Definition of Random Sampling
Sampling is based on probability theory –in its broadest sense, if we can choose respondents randomly and appropriately from the larger population, the results from that random sample will be very close to what we would get by interviewing every member of the population.
Random sampling is a technique in which each sample has an equal probability of being chosen. A sample chosen randomly is meant to be an unbiased representation of the total population.
Random sampling is a part of the sampling technique in which each sample has an equal probability of being chosen. A sample chosen randomly is meant to be an unbiased representation of the total population. If for some reasons, the sample does not represent the population, the variation is called a sampling error.
Overview of Random Sampling
Random sampling is one of the simplest forms of collecting data from the total population. Under random sampling, each member of the subset carries an equal opportunity of being chosen as a part of the sampling process. For example, the total workforce in organizations is 300 and to conduct a survey, a sample group of 30 employees is selected to do the survey. In this case, the population is the total number of employees in the company and the sample group of 30 employees is the sample. Each member of the workforce has an equal opportunity of being chosen because all the employees which were chosen to be part of the survey were selected randomly. But, there is always a possibility that the group or the sample does not represent the population as a whole, in that case, any random variation is termed as a sampling error.
Figure: Random Sampling
Random sampling means that members of a ‘population’ have equal chances of being selected.
To carry out this type of sampling, you will need to use a table of random numbers. Random numbers can also be generated using a calculator or computer. These can then be listed.
For example, if these random numbers are generated by a calculator:
017, 029, 300, 914, 037, 849, 111, 559, 333, 400, 598, 255.
Use these to make up the list of numbers to select a sample:
0 1 7 0 2 9 3 0 0 9 1 4 0 3 7 8 4 9 1 1 1 5 5 9 3 3 3 4 0 0 5 9 8 2 5 5
Advantages and disadvantages of simple random sampling
The advantages and disadvantages of simple random sampling are explained below. Many of these are similar to other types of probability sampling technique, but with some exceptions. Whilst simple random sampling is one of the ‘gold standards’ of sampling techniques, it presents many challenges for students conducting dissertation research at the undergraduate and master’s level.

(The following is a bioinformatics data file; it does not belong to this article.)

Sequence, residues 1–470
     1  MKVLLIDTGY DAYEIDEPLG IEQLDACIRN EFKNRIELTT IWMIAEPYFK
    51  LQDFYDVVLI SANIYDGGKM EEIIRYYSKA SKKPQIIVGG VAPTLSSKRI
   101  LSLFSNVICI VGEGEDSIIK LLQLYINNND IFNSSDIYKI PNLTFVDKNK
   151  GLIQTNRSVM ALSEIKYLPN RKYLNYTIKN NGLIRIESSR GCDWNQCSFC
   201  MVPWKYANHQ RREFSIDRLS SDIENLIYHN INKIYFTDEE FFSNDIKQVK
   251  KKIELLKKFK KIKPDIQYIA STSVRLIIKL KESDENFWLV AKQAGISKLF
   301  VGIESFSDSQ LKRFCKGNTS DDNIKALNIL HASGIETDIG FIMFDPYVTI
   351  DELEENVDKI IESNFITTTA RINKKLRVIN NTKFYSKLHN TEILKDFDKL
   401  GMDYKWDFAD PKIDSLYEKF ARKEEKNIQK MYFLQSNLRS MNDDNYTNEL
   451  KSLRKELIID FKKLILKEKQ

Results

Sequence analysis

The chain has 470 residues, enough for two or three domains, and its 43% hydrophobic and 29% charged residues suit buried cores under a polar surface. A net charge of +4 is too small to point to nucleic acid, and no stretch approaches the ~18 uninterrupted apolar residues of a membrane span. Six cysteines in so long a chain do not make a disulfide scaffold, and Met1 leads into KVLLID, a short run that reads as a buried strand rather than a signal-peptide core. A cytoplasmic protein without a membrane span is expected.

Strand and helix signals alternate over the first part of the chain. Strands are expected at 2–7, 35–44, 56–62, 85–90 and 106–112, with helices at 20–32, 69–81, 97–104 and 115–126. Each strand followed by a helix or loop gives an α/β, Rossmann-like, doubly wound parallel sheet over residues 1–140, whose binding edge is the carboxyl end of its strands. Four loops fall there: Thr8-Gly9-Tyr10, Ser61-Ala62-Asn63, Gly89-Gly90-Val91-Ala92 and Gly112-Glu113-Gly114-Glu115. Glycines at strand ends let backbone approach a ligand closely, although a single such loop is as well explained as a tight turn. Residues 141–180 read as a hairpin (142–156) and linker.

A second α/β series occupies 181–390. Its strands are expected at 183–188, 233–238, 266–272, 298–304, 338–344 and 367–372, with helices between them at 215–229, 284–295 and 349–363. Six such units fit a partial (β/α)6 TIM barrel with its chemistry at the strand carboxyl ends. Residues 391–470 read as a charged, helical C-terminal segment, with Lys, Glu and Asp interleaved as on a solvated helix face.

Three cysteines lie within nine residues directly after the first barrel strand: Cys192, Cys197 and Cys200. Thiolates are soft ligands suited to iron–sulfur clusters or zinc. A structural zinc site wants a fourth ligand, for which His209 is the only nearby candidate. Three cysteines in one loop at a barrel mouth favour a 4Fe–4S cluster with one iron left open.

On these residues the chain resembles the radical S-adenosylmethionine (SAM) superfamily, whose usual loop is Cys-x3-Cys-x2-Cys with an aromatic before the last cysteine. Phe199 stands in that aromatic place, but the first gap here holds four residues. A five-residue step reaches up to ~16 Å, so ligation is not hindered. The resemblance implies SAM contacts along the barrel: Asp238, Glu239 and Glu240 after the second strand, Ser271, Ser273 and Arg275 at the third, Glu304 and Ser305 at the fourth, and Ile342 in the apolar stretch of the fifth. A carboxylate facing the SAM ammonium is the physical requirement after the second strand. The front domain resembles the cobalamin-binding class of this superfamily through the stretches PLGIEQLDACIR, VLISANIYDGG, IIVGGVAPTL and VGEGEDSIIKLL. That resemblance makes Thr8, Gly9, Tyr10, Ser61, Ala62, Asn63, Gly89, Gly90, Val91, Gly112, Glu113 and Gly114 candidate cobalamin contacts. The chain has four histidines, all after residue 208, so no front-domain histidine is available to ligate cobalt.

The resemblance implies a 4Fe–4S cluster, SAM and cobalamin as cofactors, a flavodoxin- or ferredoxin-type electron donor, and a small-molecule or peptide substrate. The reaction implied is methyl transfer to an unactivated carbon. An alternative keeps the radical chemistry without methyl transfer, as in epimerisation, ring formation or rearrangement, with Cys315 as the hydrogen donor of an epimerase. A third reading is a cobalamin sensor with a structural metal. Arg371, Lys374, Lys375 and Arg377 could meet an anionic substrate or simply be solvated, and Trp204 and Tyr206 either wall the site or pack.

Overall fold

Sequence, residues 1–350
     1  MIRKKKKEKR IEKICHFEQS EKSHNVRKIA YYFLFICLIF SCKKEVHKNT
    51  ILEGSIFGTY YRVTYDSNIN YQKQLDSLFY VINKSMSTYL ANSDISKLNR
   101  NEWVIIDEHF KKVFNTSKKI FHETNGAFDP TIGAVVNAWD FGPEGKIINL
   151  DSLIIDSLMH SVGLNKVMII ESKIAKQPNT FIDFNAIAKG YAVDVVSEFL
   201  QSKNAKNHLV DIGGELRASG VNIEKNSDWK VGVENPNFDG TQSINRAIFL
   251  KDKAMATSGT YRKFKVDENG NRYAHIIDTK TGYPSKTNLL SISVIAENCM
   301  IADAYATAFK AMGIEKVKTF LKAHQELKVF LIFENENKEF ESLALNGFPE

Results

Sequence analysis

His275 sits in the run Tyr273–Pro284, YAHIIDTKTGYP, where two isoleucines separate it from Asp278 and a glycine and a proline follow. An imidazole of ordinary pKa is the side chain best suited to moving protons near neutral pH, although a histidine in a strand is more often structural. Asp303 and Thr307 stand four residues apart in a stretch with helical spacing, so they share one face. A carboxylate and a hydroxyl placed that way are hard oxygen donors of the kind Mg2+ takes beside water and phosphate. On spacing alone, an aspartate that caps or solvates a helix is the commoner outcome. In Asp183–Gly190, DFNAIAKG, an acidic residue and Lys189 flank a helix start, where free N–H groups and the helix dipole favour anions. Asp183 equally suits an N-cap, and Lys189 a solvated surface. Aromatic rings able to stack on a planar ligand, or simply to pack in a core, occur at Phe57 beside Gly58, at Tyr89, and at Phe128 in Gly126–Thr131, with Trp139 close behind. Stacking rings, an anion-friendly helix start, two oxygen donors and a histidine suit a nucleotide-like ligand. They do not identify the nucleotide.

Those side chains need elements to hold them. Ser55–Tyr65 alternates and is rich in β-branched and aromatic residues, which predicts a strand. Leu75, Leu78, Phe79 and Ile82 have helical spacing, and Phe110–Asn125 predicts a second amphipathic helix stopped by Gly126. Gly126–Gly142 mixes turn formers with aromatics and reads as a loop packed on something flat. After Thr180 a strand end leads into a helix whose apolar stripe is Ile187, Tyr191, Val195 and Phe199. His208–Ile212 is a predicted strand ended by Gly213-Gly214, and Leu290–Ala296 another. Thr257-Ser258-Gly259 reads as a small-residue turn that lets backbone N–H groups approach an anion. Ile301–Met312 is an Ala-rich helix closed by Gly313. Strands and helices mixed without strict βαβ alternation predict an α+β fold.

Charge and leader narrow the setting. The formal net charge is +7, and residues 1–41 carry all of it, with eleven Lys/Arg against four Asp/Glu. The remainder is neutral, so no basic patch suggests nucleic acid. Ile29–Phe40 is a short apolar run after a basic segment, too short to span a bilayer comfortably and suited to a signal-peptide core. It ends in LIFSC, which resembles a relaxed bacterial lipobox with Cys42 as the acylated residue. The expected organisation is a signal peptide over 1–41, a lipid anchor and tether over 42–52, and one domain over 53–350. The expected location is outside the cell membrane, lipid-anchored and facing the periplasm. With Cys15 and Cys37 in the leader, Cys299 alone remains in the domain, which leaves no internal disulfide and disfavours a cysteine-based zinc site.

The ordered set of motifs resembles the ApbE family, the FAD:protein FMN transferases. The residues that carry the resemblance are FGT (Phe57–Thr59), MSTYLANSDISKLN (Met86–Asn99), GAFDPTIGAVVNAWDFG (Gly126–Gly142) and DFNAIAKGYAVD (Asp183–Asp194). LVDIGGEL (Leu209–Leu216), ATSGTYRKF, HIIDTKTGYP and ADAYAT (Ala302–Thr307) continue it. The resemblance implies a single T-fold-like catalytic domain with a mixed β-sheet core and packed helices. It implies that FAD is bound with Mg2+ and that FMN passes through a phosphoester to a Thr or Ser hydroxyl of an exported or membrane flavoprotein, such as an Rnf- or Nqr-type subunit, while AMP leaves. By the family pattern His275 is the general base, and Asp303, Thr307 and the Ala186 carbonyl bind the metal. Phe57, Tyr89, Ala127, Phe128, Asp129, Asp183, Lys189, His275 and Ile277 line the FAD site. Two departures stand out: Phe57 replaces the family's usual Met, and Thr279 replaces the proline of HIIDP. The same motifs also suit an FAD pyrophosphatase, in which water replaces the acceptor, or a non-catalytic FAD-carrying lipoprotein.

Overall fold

Advantages of simple random sampling
- The aim of the simple random sample is to reduce the potential for human bias in the selection of cases to be included in the sample. As a result, the simple random sample provides us with a sample that is highly representative of the population being studied, assuming that there is limited missing data.
- Since the units selected for inclusion in the sample are chosen using probabilistic methods, simple random sampling allows us to make generalizations (i.e., statistical inferences) from the sample to the population. This is a major advantage because such generalizations are more likely to be considered to have external validity.
Disadvantages of simple random sampling
A simple random sample can only be carried out if the list of the population is available and complete. Attaining a complete list of the population can be difficult for a number of reasons:
- Even if a list is readily available, it may be challenging to gain access to that list. The list may be protected by privacy policies or require a lengthy process to attain permissions.
- There may be no single list detailing the population you are interested in. As a result, it may be difficult and time consuming to bring together numerous sub-lists to create a final list from which you want to select your sample. As an undergraduate and masters level dissertation student, you may simply not have sufficient time to do this.
- Many lists will not be in the public domain and their purchase may be expensive; at least in terms of the research funds of a typical undergraduate or master’s level dissertation student.
- In terms of human populations (as opposed to other types of populations; see the article: Sampling: The basics), some of these populations will be expensive and time consuming to contact, even where a list is available. Assuming that your list has all the contact details of potential participants in the first instance, managing the different ways (e.g., postal, telephone, email) that may be required to contact your sample may be challenging, not forgetting the fact that your sample may also be geographical scattered.
 “Definition of ‘Random Sampling”, available online at: https://economictimes.indiatimes.com/definition/random-sampling
 “Random sampling”, available online at: http://www.bbc.co.uk/schools/gcsebitesize/maths/statistics/samplinghirev2.shtml
 “Simple random sampling”, available online at: http://dissertation.laerd.com/simple-random-sampling.php
 “How Random Sampling in Hive Works, And How to Use It”, available online at: https://hadoopsters.net/2018/02/04/how-random-sampling-in-hive-works-and-how-to-use-it/